What Flowers can you Eat? • Neve's Bees Bee Friendly Flowers You Can Eat Too

What Flowers can you Eat?

Flowers You Can Eat

What Flowers can you Eat? It’s surprising how many flowers you can eat!

Flowers have been used in cooking and as decorations for thousands of years adding colour, flavour, texture and of course therapeutic benefits. Today they can be found in a variety of restaurants around the world but you can also try some edible flower recipes at home.

A wide range of edible annuals and perennials can be grown in your garden. The bonus of growing your own is knowing that they are clean, pest and disease free. It’s a great way to engage children in gardening too (and provide important forage for pollinators).

Most people know you can eat lavender, elderflower and hibiscus but nasturtiums, primroses and chrysanthemums also make fab accompaniments to dishes (health and safety warning here – please make sure you’ve identified the correct flower and, if in doubt, don’t eat it!)

Warwickshire-based charity Garden Organic has a great list of edible flowers which also includes some that bees love to forage on.

As well as tasting nice, many flowers you can eat have additional health benefits and have been used for thousands of years to enhance health and treat illness. But what flowers can you eat? The following may provide an additional boost to your dish:

  • Hibiscus is traditionally used for a positive impact on cholesterol and blood pressure.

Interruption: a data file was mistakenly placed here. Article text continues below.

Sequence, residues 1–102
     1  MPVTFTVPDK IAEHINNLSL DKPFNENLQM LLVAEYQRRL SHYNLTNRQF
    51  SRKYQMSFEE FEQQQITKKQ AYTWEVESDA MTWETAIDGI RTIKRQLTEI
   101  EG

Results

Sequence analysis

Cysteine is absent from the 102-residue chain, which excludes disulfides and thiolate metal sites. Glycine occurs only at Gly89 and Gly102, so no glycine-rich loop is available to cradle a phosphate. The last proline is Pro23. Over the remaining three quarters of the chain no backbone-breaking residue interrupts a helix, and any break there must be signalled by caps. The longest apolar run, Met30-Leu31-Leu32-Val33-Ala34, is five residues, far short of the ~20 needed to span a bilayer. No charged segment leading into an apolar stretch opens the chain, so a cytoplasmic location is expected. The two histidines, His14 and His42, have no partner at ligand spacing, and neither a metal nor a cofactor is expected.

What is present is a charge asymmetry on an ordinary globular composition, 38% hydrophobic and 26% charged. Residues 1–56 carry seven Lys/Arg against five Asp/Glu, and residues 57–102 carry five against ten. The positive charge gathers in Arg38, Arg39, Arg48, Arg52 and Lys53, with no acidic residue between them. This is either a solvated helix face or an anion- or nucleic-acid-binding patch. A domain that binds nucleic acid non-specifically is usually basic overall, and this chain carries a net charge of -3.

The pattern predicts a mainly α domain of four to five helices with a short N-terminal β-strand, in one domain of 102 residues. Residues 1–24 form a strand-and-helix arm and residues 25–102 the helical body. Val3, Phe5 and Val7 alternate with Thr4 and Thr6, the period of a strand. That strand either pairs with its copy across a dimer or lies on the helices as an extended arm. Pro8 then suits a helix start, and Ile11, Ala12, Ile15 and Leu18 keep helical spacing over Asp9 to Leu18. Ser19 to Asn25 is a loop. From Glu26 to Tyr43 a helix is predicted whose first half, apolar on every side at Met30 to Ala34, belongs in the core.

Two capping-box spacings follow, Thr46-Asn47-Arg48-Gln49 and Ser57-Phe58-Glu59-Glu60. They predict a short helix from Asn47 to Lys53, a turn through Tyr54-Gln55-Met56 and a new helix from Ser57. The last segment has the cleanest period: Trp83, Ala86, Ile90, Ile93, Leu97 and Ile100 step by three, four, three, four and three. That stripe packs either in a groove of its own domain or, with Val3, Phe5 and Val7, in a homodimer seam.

• Nasturtiums are full of vitamin C and contain many useful minerals
  • Borage is used in herbal medicine to treat sore throats and coughs
  • Stinging nettles (whilst not exactly a flower) are one of the most nutritious plants available to us containing Vitamins A, C and K, as well as several B vitamins and the minerals calcium, iron, magnesium, phosphorus, potassium and sodium. they can make a great soup (especially in the spring) There’s a BBC Good Food recipe here
  • Calendula is often used as a more affordable substitute for Saffron but is also an excellent flower for treating cuts or sore skin when infused in oil (an oil such as olive or sunflower is fine)
  • Roses can help induce relaxation and lower anxiety and are especially good in helping those suffering from grief

There are many edible flower recipes online but we particularly like the look of these delicious ones on Brit+Co.

Hope you have fun with this – and if you come across any recipes that you particularly like then please do let us know – we’d love to keep blogging on this fascinating subject 🙂

…and if you’d like to see what The Bees help us to make from the nectar they gather from flowers like these – check out  our shop!

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